Stage Productions

Fringe Fest is back, from a Shakespearean ‘Pulp Fiction’ to 30 plays in one

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Sure, Poor Richard’s Players look easygoing, but wait till you see them performing 30 plays in 60 minutes. Where? The Vegas Fringe Festival, of course.
Jacob Coakley

Christmas may get the song lyric, but for this theater junkie, Fringe season is the most wonderful time of the year. The Fringe Festival celebrates a DIY, risk-taking aesthetic, rewarding shows that take bold choices and give artists a chance to truly shine.

This year’s Fringe runs June 5-14 at Las Vegas Little Theatre. Shows I’m excited to see include: Endless Productions’ Bard Fiction, a Shakespearean adaptation of Tarantino’s Pulp Fiction; LVLT’s production of The New Century, an outrageous look at the peculiarities of gay life in the modern era; and solo pieces like Spared from FounDoor Theatre, a dark look at a man who has failed to kill himself 60 times, and Journey of a Bombshell, featuring Melissa Ritz, who won Best Emerging Actress at New York City’s United Solo Festival for this show.

The piece I’m most excited about comes from Poor Richard’s Players. It’s called Never Tie Your Shoelaces in Paris, and Maxim Lardent, instigator of the whole thing, describes it as “a troupe of actors try to perform 30 plays in 60 minutes or die trying.”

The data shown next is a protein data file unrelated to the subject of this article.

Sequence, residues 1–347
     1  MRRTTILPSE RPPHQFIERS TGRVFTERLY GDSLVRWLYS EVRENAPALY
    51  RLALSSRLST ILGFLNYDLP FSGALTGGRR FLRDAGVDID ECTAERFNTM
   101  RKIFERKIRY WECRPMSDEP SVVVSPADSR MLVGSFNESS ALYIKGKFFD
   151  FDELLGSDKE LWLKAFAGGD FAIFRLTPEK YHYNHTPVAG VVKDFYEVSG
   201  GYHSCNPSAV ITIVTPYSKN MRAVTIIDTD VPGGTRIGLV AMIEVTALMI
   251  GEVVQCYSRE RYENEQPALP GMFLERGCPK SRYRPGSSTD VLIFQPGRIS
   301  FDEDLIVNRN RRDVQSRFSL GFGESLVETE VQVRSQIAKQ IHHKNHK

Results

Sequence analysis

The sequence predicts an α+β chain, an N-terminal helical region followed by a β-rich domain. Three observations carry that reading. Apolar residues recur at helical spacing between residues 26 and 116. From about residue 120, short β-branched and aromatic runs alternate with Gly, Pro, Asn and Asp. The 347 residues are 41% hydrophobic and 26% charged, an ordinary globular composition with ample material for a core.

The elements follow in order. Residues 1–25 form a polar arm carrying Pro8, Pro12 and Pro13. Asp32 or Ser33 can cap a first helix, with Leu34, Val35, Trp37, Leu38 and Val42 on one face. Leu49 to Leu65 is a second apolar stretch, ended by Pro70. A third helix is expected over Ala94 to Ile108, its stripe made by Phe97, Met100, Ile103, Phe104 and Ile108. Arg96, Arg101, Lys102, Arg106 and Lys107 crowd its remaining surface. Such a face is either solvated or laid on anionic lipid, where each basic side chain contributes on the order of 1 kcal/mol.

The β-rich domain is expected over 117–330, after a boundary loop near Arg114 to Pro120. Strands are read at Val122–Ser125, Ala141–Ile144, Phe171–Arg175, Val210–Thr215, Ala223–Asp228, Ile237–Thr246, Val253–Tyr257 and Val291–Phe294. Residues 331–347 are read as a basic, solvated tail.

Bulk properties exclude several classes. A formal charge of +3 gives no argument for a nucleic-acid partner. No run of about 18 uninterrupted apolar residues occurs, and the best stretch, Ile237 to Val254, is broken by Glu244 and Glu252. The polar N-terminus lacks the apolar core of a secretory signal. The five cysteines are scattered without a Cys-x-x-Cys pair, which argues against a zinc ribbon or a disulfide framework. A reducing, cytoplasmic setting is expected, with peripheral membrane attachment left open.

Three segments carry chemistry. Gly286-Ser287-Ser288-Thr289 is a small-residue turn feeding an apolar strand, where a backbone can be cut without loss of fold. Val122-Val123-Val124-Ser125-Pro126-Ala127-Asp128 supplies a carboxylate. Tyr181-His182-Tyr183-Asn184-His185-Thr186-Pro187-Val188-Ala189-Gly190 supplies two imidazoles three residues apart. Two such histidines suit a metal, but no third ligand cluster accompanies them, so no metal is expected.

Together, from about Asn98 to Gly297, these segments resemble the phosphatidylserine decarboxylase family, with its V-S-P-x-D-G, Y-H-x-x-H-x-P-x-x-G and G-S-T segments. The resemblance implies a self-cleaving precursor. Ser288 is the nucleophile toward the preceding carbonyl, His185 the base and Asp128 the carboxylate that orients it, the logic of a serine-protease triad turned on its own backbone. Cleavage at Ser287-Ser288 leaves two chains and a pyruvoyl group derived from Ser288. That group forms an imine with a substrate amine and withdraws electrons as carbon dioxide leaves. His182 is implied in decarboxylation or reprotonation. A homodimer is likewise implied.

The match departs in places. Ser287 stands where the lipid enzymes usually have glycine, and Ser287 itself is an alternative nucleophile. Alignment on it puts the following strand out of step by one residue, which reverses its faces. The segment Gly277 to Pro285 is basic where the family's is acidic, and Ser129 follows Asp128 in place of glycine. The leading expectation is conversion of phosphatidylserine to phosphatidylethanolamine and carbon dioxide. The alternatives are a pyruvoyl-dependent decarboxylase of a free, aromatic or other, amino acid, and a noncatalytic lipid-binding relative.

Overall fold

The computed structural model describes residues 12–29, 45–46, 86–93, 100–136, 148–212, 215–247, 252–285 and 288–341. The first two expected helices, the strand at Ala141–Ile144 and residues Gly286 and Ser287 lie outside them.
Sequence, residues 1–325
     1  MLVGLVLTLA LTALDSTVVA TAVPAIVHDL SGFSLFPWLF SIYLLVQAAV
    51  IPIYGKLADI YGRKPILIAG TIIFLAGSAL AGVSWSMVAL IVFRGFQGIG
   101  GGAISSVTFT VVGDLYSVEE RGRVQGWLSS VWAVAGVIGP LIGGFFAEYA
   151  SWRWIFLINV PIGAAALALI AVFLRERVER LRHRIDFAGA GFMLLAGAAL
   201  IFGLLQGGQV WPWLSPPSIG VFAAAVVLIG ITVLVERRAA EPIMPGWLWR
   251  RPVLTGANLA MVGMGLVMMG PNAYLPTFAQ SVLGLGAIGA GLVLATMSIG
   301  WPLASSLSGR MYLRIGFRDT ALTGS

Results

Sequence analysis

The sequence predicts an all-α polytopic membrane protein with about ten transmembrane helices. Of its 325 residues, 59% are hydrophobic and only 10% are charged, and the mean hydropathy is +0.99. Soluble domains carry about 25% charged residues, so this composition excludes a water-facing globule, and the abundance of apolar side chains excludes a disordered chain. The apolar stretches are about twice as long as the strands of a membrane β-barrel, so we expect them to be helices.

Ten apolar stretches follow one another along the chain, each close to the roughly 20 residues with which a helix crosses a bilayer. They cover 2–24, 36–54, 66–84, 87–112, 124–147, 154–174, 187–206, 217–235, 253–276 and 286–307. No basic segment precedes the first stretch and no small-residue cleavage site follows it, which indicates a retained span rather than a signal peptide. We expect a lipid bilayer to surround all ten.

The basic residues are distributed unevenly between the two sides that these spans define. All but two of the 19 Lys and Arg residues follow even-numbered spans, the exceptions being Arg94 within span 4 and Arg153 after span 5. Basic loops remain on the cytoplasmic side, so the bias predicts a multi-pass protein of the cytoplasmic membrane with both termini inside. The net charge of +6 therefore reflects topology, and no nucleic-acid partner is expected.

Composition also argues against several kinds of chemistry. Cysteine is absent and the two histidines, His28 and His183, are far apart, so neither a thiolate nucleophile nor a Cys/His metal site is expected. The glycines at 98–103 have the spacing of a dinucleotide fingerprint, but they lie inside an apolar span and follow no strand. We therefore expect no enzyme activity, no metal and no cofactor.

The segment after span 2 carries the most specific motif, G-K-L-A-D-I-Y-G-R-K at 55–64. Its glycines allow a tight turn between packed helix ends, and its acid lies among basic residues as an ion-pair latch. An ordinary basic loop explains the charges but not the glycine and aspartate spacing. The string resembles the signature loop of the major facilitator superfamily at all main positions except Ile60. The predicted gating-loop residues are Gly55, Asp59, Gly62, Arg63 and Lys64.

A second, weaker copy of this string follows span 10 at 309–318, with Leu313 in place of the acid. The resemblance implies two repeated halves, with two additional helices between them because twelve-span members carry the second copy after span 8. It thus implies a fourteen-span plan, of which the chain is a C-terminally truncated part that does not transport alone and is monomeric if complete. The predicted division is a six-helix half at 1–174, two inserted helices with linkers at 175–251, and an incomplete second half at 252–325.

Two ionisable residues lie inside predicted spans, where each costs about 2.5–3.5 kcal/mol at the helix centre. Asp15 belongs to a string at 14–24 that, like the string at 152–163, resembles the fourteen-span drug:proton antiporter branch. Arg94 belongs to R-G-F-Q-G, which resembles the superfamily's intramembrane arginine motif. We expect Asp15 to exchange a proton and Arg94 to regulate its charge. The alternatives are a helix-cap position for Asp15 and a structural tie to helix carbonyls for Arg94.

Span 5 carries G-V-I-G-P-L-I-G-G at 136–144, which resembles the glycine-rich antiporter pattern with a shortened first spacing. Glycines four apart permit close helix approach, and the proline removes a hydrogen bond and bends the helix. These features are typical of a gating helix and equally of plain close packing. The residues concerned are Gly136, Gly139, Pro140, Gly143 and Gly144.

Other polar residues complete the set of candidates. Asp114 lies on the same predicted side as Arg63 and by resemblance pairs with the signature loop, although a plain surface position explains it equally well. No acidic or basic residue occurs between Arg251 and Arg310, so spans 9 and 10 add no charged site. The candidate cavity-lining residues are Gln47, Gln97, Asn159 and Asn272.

The troupe—Lardent, Benjamin Loewy, Anthony Barnaby, Mark Valentin, Karalyn Clark and Brenna Folger—also wrote all the plays, winnowing them down from a starting pool of more than 100 to just 30. The plays all last between 30 seconds and four minutes, but can be quite complex. “We have musicals, dance numbers, everything,” Loewy says.

The plays are titled (Deux Balloons C’est Touche, Departure and The Time My Dad Accidentally Bought Me Some Porn, for example) but they’re also numbered. The audience calls out a number, and the troupe performs that play. The process repeats until they finish them all, or the timer runs out. “As soon as 60 minutes hits, we’re done. We’ll stop mid-play if the alarm goes off,” Lardent says.

“The Fringe is the place where you can do productions that are not necessarily on the beaten path of theater,” Loewy adds. “And this is 30 of those shows.”

Vegas Fringe Festival June 5-14, $10-$12. Las Vegas Little Theatre, 702-362-7996.

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